Beginning this week, there will be some changes at The Herald.
The most obvious one to you will be the look of your newspaper, beginning Tuesday. That's the first day The Herald will come off the presses of The Charlotte Observer. The Observer uses flexographic technology, a water-based printing process. It results in a cleaner-looking newspaper, and the ink will not rub off on your hands or clothes.
Many newspapers have gone to regional printing arrangements because of the costliness of maintaining stand-alone production operations. Press and packaging equipment is expensive to buy and maintain. In many cases, newspapers around the country are outsourcing to companies with whom they have only a business relationship. The Herald is fortunate in having The Charlotte Observer, its sister paper in McClatchy, just 25 miles up the road.
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Our conversion has been made infinitely easier by the close working relationship between our staffs. And, those on The Herald's production staff whose jobs are affected were able to take positions at The Observer if they so chose.
We owe a debt of gratitude to these men and women who have turned words and photos into the printed pages of The Herald. I hope today you'll read Andrew Dys' column, which pays tribute to these wonderful people.
Other changes are happening this week, too. Behind the scenes, we are upgrading the newsroom's computer system. As we redesigned pages to fit The Observer's presses, this was the perfect time to convert. The new system improves our efficiency in writing, editing and designing pages.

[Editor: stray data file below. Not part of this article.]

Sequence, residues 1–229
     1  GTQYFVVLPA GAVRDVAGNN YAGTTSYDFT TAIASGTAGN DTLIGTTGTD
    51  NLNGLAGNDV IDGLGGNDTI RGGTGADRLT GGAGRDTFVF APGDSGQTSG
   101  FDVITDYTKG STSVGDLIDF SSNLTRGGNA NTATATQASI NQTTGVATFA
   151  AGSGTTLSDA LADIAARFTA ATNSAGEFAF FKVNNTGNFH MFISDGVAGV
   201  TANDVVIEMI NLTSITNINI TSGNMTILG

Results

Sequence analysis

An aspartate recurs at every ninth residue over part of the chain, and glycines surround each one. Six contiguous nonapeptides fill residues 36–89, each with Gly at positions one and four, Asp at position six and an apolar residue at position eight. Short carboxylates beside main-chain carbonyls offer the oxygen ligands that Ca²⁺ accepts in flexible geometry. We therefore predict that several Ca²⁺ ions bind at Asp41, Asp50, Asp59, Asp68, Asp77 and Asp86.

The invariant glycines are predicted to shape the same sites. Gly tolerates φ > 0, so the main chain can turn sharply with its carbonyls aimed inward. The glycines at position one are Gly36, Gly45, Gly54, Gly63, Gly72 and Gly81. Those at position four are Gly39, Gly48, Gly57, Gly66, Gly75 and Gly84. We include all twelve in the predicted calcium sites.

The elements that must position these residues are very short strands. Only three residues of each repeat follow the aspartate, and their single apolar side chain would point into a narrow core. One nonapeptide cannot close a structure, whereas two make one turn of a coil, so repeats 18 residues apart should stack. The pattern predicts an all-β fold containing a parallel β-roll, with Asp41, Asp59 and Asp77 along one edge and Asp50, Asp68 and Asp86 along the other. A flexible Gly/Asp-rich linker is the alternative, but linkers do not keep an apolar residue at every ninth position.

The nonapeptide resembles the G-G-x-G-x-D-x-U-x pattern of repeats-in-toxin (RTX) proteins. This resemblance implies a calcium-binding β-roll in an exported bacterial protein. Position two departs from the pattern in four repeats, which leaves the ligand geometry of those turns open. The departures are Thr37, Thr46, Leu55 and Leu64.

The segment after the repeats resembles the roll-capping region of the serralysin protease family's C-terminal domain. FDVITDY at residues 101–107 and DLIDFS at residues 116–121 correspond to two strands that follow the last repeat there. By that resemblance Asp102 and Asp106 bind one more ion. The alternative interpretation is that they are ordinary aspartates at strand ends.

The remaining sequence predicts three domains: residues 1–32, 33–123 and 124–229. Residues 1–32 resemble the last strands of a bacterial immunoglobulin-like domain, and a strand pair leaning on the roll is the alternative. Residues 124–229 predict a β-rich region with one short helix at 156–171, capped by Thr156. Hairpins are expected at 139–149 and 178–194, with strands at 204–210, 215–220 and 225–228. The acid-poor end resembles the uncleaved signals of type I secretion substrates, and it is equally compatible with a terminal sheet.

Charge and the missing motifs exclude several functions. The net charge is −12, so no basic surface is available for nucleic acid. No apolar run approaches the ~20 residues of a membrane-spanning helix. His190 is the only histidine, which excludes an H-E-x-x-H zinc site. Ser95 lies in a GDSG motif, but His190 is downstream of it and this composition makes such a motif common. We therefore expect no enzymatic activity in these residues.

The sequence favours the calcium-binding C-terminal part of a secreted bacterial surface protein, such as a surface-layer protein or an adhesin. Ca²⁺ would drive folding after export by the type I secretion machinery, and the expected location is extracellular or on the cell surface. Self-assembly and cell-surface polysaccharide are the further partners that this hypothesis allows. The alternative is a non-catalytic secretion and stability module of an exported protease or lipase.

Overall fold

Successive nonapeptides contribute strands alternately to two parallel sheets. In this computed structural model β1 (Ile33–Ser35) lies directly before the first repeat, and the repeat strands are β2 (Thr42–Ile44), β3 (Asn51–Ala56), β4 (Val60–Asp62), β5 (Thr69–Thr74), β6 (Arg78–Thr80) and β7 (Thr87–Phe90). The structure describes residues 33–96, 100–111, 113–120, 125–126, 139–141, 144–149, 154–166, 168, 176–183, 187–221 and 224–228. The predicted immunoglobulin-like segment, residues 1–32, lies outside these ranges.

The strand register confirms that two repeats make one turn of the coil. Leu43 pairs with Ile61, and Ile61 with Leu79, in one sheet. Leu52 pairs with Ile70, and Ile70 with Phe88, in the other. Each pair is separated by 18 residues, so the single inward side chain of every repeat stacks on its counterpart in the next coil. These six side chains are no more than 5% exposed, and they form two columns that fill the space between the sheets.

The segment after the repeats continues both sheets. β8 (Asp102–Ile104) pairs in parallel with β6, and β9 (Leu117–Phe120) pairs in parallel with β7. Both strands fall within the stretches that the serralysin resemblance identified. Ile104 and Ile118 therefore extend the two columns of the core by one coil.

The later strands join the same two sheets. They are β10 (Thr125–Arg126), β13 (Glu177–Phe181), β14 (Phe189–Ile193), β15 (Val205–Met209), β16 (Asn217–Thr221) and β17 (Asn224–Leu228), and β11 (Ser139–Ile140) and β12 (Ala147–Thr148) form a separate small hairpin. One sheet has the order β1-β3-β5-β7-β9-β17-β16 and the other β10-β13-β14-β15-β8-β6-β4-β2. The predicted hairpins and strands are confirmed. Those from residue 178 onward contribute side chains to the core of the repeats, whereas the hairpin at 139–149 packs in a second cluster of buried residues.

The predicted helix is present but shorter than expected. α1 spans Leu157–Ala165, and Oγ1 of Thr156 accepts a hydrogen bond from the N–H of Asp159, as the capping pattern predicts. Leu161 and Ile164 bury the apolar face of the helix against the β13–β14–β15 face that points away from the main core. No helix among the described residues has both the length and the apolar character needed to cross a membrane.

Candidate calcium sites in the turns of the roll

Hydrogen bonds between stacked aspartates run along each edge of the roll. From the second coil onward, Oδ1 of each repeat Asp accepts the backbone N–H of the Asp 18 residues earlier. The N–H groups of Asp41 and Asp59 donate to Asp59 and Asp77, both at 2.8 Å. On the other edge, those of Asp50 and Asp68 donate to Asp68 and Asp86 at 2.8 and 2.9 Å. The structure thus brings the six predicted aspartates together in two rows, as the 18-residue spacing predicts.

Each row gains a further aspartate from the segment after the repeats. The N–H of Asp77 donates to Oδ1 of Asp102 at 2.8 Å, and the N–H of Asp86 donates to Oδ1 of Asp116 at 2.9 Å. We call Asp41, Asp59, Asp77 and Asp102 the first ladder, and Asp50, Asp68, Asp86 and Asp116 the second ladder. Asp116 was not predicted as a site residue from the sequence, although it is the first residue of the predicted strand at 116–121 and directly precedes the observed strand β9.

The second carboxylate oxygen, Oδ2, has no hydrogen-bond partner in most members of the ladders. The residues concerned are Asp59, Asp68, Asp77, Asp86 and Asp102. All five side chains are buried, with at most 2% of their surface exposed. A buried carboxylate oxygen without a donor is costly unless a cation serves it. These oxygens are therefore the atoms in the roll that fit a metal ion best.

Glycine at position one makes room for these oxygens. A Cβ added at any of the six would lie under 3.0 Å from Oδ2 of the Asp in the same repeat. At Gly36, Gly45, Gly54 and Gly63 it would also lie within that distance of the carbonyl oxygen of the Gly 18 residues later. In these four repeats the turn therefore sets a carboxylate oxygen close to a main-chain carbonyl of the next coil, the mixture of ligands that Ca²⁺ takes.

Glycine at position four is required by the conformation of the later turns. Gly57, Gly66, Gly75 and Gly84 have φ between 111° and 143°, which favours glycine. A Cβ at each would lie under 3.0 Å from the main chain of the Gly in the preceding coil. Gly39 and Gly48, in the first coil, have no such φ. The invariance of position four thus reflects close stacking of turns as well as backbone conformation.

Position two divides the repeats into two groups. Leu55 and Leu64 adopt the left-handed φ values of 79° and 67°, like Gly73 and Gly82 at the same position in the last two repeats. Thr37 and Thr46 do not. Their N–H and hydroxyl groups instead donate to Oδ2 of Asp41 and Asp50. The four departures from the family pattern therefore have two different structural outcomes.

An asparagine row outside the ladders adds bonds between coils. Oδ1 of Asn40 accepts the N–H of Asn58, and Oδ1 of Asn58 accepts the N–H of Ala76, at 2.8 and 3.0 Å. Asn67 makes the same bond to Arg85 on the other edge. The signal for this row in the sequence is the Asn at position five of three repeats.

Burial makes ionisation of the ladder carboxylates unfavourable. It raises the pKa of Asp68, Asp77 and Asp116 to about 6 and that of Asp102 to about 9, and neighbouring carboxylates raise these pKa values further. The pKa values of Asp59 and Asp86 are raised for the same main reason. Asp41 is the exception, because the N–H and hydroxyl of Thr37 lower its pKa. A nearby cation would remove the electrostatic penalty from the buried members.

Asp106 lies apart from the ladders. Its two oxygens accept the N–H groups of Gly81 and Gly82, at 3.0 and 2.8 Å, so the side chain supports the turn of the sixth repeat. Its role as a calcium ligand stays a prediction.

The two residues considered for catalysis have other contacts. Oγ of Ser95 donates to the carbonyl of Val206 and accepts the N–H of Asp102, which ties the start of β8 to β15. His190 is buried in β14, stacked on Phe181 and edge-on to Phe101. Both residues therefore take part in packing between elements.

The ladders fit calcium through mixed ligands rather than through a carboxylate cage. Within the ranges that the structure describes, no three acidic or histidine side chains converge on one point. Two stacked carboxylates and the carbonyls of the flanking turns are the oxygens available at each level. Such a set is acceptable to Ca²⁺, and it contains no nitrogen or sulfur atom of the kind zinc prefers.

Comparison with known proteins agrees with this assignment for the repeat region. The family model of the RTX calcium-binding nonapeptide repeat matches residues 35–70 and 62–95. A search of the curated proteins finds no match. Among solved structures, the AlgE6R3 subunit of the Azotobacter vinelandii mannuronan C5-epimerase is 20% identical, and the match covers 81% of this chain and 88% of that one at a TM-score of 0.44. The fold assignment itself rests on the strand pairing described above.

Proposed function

Our readers expect information to be delivered in many ways, including the printed newspaper and online. The new technology is specifically designed to take advantage of both formats. The previous system was designed for newspapers only. Beginning tomorrow, stories can be published to the Web site faster and with more extra features such as photos and videos.
Coincidentally this week, The Herald is scheduled to begin conversion of its circulation customer service calls from one call center to another. Again, because of the prohibitive cost of newspapers equipping and maintaining separate call centers, we went to a clustered call center model some time ago. Banks and many other types of businesses have made similar arrangements. Our parent company now is taking that one step further, contracting with a vendor who can service our newspapers in one centralized center, thereby saving money in an era when newspapers are up against serious economic challenges.
This changeover will be gradual over the next several weeks. Should you have a need to call our service center, the number remains 1-877-421-6397.
A great deal of planning and training has gone into these changes. We have hopes that all transitions this week will be made without a hitch. At the same time, with changes of this magnitude, it's likely we'll experience a few bumps in the road. Should that happen, we ask your patience as we work through them.
The Herald is proud to be your local newspaper, and we look forward to that continuing relationship. Thank you for your loyal readership and support.
President and Publisher